I’m ashamed to say we haven’t been to our local dentist in about two years. COVID hit and I lost my job, and my insurance, and we’re just now getting back into the swing of things. Well, my 12-year-old just took it upon herself to try some things she saw on TikTok thinking she’d be able to whiten and reshape her teeth at home and save us money. I’m horrified but she’s not in pain or anything and I’m trying to assess the damage and whether or not this requires an urgent dental visit or whether it can wait until the new year when my insurance kicks in.
Basically, she started by rinsing with regular peroxide trying to whiten her teeth at home. I don’t think this is inherently dangerous, but worth noting. The big thing she did is take a file to her canines. She thought they were too pointy and wanted to flatten them out. I’m worried this caused permanent damage that will cost her those teeth. Again, though, she’s not in pain and they look ok. They’re just visibly flatter. Are these things that require an urgent visit or can they wait? And, when we go, what is the likely outcome?
Yikes! It’s good you’re asking questions and your daughter will need to get checked out. But, let’s break this apart, so it’s easier to understand what’s happening and what your options are.
Lots of Kids Are Falling Victim to TikTok Trends
First, don’t beat yourself up too much. A lot of kids are following things they’ve seen on TikTok. One of the other trends is to file teeth down into points in to look like a vampire or to file them into peg shapes in the hopes they’ll be able to get veneers. These things absolutely destroy teeth and can be expensive to correct.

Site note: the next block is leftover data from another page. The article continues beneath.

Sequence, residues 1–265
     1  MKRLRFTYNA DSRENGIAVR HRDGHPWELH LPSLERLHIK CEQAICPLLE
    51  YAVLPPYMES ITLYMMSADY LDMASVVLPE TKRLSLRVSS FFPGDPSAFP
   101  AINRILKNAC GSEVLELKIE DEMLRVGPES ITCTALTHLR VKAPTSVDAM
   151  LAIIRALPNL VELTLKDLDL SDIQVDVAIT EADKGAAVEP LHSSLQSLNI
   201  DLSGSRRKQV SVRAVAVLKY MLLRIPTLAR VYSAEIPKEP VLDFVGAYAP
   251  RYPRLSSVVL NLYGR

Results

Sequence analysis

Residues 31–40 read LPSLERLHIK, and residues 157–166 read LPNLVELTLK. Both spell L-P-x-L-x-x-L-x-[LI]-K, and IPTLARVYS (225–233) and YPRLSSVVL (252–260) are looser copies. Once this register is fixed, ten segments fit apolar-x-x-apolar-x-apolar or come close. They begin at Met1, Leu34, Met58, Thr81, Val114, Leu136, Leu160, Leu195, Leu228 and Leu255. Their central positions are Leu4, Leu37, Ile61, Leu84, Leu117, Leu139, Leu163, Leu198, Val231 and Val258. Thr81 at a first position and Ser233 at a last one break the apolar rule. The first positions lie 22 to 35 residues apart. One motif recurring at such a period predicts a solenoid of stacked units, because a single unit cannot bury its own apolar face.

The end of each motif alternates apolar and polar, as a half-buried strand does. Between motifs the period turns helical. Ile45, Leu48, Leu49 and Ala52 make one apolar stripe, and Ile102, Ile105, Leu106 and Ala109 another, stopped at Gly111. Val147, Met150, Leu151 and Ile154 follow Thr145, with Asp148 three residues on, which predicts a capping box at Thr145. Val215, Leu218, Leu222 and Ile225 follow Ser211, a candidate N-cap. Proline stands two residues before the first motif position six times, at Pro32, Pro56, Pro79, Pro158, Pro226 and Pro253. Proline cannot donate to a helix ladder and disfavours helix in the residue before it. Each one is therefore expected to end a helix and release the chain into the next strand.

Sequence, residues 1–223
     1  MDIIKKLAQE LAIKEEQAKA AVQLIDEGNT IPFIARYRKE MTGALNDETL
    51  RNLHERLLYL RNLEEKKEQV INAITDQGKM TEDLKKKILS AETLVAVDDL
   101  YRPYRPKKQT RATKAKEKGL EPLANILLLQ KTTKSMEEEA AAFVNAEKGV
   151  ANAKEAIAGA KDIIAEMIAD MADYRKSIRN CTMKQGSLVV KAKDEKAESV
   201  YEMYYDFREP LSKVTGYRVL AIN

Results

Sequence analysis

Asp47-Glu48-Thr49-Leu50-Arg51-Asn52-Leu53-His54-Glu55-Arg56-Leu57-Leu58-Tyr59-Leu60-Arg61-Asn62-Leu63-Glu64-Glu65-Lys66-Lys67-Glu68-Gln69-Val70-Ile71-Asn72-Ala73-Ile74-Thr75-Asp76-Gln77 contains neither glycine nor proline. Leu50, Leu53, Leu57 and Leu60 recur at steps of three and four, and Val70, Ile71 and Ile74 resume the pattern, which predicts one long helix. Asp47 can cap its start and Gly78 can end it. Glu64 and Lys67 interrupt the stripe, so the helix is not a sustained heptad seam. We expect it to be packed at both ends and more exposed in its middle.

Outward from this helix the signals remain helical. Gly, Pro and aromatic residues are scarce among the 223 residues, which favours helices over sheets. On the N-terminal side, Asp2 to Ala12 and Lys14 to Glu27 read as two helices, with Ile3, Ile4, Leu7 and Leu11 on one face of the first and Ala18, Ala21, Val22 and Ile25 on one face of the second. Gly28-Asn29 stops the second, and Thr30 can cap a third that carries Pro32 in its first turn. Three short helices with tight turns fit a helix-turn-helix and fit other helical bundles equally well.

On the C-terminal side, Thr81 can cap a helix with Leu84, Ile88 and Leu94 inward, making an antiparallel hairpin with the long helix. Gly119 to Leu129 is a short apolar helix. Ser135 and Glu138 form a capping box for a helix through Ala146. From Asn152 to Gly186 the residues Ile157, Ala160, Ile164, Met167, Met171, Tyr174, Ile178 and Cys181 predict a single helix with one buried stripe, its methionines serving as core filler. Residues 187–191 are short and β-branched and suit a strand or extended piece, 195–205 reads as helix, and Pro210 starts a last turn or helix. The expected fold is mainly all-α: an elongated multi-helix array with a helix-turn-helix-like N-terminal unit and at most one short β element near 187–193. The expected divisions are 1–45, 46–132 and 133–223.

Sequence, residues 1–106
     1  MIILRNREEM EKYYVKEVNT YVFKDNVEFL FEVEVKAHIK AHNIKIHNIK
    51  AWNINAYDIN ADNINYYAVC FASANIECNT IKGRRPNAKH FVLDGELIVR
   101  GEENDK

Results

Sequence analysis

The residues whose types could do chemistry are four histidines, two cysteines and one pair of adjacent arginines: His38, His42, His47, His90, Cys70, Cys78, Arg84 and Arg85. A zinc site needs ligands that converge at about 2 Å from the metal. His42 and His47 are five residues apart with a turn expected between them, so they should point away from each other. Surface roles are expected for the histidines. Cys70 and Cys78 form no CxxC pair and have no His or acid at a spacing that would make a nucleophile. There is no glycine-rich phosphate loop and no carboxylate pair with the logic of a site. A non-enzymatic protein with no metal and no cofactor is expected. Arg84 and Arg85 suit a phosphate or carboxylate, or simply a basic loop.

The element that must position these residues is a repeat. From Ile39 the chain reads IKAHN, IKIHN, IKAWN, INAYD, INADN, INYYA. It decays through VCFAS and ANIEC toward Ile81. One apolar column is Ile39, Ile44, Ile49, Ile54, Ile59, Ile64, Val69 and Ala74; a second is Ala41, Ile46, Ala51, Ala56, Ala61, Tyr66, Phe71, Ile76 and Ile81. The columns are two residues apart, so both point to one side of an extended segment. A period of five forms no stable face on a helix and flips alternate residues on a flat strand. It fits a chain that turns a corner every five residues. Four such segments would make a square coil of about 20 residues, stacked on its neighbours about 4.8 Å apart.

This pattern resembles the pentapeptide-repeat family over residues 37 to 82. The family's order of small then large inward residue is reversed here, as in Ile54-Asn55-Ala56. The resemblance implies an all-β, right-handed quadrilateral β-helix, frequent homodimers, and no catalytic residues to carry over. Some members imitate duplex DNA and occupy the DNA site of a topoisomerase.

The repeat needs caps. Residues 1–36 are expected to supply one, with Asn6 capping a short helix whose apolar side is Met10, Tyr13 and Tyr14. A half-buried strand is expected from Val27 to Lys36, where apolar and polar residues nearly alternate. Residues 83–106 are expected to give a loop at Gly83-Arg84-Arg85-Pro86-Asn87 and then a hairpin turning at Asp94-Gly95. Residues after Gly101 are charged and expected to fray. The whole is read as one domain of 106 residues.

Peroxide Can Damage Enamel and Irritate Tissues
While there are peroxide-based whitening solutions, they’re different from the peroxide you probably have in your cabinet at home. Studies suggest that it’s actually better for your enamel to use stronger peroxide for a shorter amount of time than it is to use weaker peroxide for longer periods. Peroxide can irritate the tissues in your mouth too. So, if your daughter’s still using this tactic, make sure she stops and holds off on any peroxide-based solutions until after she’s under the care of a dentist and has his or her green light to move forward with any at-home whitening treatments.
Long-term consequences could be things like tooth sensitivity and increased risk for decay going forward. However, it’s unlikely she caused any permanent damage with this. She’ll need an exam to confirm.
Filing Teeth Can Potentially Result in the Loss of the Tooth
The filing of teeth is more worrisome on two fronts. First, the mere act of filing can traumatize the tooth and “kill” it. It’s not always apparent right away, so symptoms might not manifest for days or weeks after. The only fix here is a root canal. Similarly, removing tooth structure can expose the nerve or leave it with less protection which can make it more sensitive. A root canal would be the likely repair here as well. If the tooth needs to be strengthened or rebuilt, it will probably need a crown. A filling might suffice in some cases though.
Visit the Dentist for an Exam and X-Rays
It’s impossible to say what issues your daughter may have without a dentist performing an exam and evaluating her x-rays. In the grand scheme of things, a quick check is relatively inexpensive. Your dentist will be able to advise you whether treatment can likely wait until after your insurance begins or if delaying may result in more issues.
This blog is sponsored by Dr. Raymond Bolt, an Auburn, Alabama dentist.